Significant larger ES have been found for attitude-intention, SN-intention, PBC-intention and intention – behavior when the study had scale correspondence, supporting hypothesis 8. (Table 4)

The moderating influence of quantitative variables -mean age of participants, percentage of males in the sample and year of publication- on the TPB constructs association was examined to test hypothesis 9. With respect to attitude – intention association, R2=.44 was reached and ES was higher with recent studies and/or younger participants. R2=.34 was found for intention – behavior association, and ES was higher for more recent studies and/or with older participants. Mean age was the better predictor for PBC-intention and PBC-behavior association, reaching an R2=.17 and R2=.25 respectively, and with higher ES for studies with older participants. Finally, for SN-intention relationships, percentage of males in the sample and year of publication were the better predictors (Table 5).

Third purpose: to test the predictive utility of TPB on smoking behavior

We performed SEM analysis based on the pooled correlation matrix and the model had acceptable fit indices [i??iˆ? (d.f.) = .63 (13), GFI= .997, AGFI= .98, RMR= .014, NFI=.97]. According to the goodness -of-fit statistics, the TPB was an adequate model to predict smoking behavior. Intention and PBC predicted smoking behavior, and attitude-SN-PBC predicted intention, as showed squared multiple correlations (R2=.12 and R2=.13 respectively), providing support to hypotheses 10 and 11.

Finally, with regard to hypothesis 12, standardized regression coefficients showed that intention was stronger predictor of behavior than PBC. (Figure 2).

If one wishes to know what provokes the behavior of smoking, the clear intention of performing the behavior seems to be the best predictor. But this intention, in turn, has antecedents. The variable SN has the most impact on the intention, whereas PBC reduces this intention, as well as the performance of the behavior, but the strength of its determination is lower than that of SN. Lastly, attitudes seem to have a weak impact on the intention of smoking.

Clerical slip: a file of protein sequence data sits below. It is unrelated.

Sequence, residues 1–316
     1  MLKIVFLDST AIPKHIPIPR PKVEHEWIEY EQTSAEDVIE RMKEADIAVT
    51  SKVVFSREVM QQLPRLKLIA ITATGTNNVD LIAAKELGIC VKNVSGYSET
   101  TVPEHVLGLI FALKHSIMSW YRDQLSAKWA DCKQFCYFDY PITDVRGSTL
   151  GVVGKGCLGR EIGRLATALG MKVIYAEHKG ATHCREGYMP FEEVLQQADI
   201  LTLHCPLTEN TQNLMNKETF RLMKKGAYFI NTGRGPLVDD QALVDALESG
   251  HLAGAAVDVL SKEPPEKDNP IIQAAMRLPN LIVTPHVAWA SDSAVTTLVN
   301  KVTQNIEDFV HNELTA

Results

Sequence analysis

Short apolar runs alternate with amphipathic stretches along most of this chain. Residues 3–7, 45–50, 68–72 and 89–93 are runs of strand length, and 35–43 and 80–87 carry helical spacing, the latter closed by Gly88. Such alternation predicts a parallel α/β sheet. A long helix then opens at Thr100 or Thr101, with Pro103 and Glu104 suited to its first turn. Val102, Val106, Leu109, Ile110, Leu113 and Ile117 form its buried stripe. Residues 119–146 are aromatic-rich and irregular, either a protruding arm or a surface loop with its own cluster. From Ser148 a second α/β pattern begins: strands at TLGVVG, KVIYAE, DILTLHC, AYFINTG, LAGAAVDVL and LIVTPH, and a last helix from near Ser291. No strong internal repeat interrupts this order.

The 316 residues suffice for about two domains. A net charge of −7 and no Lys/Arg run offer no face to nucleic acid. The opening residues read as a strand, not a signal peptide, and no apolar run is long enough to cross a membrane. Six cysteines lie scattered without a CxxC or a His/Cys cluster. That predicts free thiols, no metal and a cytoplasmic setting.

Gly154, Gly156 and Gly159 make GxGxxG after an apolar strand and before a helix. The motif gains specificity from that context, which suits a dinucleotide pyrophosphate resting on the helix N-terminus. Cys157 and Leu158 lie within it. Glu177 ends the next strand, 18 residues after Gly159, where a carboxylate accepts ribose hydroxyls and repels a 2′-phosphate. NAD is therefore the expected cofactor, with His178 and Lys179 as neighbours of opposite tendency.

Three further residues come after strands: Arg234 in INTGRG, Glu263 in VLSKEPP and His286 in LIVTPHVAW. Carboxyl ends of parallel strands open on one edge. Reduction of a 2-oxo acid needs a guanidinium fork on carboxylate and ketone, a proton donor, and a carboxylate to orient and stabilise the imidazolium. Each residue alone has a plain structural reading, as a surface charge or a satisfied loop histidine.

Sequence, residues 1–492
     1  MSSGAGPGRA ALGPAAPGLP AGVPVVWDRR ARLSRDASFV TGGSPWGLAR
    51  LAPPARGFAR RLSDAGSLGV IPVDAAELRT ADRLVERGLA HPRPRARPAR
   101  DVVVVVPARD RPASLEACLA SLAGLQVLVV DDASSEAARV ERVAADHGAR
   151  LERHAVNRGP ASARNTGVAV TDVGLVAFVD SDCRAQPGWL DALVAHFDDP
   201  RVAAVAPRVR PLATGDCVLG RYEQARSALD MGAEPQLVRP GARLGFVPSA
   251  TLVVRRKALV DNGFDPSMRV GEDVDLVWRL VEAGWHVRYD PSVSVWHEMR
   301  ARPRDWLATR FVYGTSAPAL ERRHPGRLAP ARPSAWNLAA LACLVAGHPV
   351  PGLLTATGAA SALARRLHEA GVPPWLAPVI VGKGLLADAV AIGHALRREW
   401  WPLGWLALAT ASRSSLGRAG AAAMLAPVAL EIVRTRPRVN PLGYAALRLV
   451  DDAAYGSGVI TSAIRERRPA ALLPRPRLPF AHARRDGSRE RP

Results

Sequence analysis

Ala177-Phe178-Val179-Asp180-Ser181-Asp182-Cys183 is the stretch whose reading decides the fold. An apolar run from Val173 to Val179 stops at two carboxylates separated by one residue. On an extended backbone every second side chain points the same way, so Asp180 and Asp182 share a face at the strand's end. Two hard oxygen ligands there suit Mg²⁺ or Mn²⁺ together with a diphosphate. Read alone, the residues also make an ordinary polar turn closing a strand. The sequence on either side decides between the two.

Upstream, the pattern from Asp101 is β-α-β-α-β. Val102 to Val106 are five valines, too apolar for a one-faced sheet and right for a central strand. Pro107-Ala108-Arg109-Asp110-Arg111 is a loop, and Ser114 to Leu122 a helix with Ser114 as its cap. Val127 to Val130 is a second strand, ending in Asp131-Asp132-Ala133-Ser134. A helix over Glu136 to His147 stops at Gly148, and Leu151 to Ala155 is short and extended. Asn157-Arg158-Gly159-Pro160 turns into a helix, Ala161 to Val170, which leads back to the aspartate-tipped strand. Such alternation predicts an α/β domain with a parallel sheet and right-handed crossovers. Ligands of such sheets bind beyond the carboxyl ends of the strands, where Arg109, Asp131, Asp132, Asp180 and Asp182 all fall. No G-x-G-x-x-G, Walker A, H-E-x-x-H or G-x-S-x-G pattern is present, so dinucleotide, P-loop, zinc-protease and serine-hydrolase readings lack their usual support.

Discussion

The aim of this meta-analysis was threefold. The first objective was to examine the strength of the relationships between TPB constructs with smoking behavior. The second was to test the influence of moderator variables on the relationships between TPB constructs. The third objective was to examine the predictive utility of TPB on smoking behavior. We can affirm that the predictive validity of TPB on smoke has been proved, based on our findings obtained through meta-analysis and SEM. A thorough inspection of our results deserves further discussion.

The first set of hypothesis has been partially confirmed. On one hand, we found that ES among TPB constructs were only moderate or small, contrary to our hypothesis. On the other hand, and supporting our hypothesis, we found that the best predictor of intention was PBC, followed by SN and attitude. These findings were consistent with previous meta-analytical research suggesting that health-risky behaviors may be determined more by what the person is willing to do in risk-conducive circumstances than by personal attitudes. 11 Relating to this point, we will suggest that a thorough examination of empirical findings should be necessary, considering that a different set of results would be obtained as a function of the health status of the behavior. Despite the fact that TPB have proved it predictive effectiveness both for health protective and health risky behavior, a divergent pattern of relationships between TPB constructs would emerge for each group of outcomes. As suggested by the prototype-willingness model, 35 in the context of those healthy – risk behaviors that are performed in social contexts (smoke cigarettes, drink alcohol); the social settings can afford opportunities to engage in risky behaviors that might overwhelm people’s good intentions.